Silicon Graphics was founded by the famous Dr. Jim Clark who subsequently left the company and founded Netscape.

There have been bigger failures, but they still were acquired for billions, not for something like $25 million.

I did see it coming even 2 years ago when I wrote about the lessons that one can draw from its road to bankruptcy. But is eventual sale for such a miniscule amount at a bankruptcy court is definitely saddening.

Well, guess that’s business!

April 1, 2009

Gideon Yu — the Facebook CFO quits suddenly!

A veteran CFO of one of the hottest companies at a critical juncture quits. Such abrupt high level departures at a critical stage indicates more things than it meets the eye.

Mr. Gideon Yu is a star CFO with stints in Google, YouTube and Yahoo and was responsible for raising capital, which Facebook needs as I wrote here.

I guess his leaving has something to do with the fund raising as the latest news in NY times seems to indicate.

The quote by the Facebook spokesman is classic PR speak: “Gideon Yu, said the company did not need to raise more cash to get to profitability but would entertain the idea. “It’s all going to be a function of valuation and a valuation we are happy with,” he said.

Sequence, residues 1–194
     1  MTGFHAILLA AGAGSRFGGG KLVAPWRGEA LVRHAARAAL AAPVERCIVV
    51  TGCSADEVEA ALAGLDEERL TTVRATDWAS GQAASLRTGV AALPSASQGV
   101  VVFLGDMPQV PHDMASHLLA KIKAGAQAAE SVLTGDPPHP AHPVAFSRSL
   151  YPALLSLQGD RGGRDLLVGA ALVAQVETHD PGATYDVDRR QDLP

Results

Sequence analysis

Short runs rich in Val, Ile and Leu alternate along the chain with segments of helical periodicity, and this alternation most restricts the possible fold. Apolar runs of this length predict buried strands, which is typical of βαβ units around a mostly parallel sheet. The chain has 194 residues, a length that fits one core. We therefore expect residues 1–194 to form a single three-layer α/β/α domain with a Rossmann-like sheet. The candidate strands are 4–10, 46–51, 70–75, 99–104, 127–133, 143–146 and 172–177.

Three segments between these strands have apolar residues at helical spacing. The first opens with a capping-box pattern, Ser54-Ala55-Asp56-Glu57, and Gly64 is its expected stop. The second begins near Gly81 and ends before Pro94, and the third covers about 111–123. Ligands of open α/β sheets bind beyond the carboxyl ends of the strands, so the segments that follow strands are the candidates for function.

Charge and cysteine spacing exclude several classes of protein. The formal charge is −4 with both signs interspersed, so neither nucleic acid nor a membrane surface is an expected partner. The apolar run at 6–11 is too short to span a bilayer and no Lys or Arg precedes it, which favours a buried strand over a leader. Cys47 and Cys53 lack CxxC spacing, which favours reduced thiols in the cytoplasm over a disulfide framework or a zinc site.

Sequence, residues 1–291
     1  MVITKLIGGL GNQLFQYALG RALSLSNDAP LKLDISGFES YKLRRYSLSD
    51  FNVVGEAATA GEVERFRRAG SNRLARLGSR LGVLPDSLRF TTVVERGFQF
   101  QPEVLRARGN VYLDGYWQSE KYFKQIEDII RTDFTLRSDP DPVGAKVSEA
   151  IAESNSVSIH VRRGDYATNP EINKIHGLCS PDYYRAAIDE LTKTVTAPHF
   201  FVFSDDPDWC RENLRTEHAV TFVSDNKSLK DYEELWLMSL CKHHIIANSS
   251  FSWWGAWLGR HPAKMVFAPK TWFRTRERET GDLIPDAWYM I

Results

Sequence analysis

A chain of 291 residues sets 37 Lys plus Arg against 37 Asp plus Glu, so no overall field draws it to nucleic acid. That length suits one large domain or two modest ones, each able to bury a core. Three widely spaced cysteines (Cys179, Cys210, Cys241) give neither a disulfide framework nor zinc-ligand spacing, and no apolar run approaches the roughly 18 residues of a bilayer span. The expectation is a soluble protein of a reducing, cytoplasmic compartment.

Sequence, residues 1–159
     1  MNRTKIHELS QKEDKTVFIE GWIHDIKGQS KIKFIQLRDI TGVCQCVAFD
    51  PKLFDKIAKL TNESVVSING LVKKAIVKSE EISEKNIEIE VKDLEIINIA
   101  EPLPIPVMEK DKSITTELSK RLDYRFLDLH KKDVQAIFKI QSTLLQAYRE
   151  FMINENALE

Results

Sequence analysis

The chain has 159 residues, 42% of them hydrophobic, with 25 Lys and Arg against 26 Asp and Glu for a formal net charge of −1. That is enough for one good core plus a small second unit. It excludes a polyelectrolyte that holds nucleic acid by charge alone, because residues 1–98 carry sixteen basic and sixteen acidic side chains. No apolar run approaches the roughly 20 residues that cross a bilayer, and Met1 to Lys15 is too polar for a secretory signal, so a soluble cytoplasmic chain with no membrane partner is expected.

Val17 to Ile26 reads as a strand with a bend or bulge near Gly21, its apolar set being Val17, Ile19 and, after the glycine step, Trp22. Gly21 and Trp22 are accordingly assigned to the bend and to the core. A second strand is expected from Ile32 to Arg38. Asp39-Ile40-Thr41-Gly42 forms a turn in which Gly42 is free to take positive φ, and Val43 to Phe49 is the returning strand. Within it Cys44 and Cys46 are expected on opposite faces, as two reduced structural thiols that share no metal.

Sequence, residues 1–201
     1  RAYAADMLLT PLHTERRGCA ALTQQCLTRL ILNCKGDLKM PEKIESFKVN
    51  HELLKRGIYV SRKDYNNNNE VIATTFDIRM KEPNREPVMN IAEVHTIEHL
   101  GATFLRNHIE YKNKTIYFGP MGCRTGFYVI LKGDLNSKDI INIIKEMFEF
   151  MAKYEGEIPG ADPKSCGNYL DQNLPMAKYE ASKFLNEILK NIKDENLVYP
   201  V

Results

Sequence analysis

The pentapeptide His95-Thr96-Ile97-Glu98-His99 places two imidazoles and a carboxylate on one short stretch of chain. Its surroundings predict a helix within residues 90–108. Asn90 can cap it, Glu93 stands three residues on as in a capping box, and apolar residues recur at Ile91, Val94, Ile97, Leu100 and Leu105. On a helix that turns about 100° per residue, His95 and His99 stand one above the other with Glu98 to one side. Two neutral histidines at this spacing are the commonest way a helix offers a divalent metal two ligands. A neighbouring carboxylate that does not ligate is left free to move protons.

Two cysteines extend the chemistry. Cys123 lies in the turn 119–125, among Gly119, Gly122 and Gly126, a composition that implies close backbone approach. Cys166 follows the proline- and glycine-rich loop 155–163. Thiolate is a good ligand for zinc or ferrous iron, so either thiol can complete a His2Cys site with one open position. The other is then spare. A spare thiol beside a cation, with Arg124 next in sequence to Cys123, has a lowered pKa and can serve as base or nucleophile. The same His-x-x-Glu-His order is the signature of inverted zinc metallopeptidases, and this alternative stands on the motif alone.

March 4, 2009

Innovation hot spots

Filed under: Business,Innovation — Subbaraman Iyer @ 1:17 am
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Mckinsey in partnership with the World Economic Forum has created an “Innovation Heat Map” by identifying factors that are common to successful innovation.

Not surprisingly, the Silicon Valley comes as a clear leader. And numerous countries like Singapore have tried to emulate the Valley. Bangalore, often  called the Silicon Valley of the East and it is not even represented in the Innovation heat map.

I am equally surprised that none of the countries in Asia — barring Japan and Taiwan appear on the Innovation heatmap. I would have expected Seoul, Bangalore and maybe even Shanghai to appear on the map.

This map seems to contradict another report released by the Information Technology and Innovation Foundation  which found that the U.S. was ranked sixth based on their indicators.

Singapore has been spending billions of dollars (all tax payers money) to spur innovation. And I belong to the skeptics community often wondering whether this  is the right approach. Surprisingly Singapore doesn’t seem to be anywhere in the Mckinsey’s Heat map.

I have always been skeptical about these rankings because there is always a risk of causality often being mistaken for co-relationships.

And on a more operational note, with global collaboration and work being distributed to talent spots, how is it possible to identify the exact nature of contribution from each location.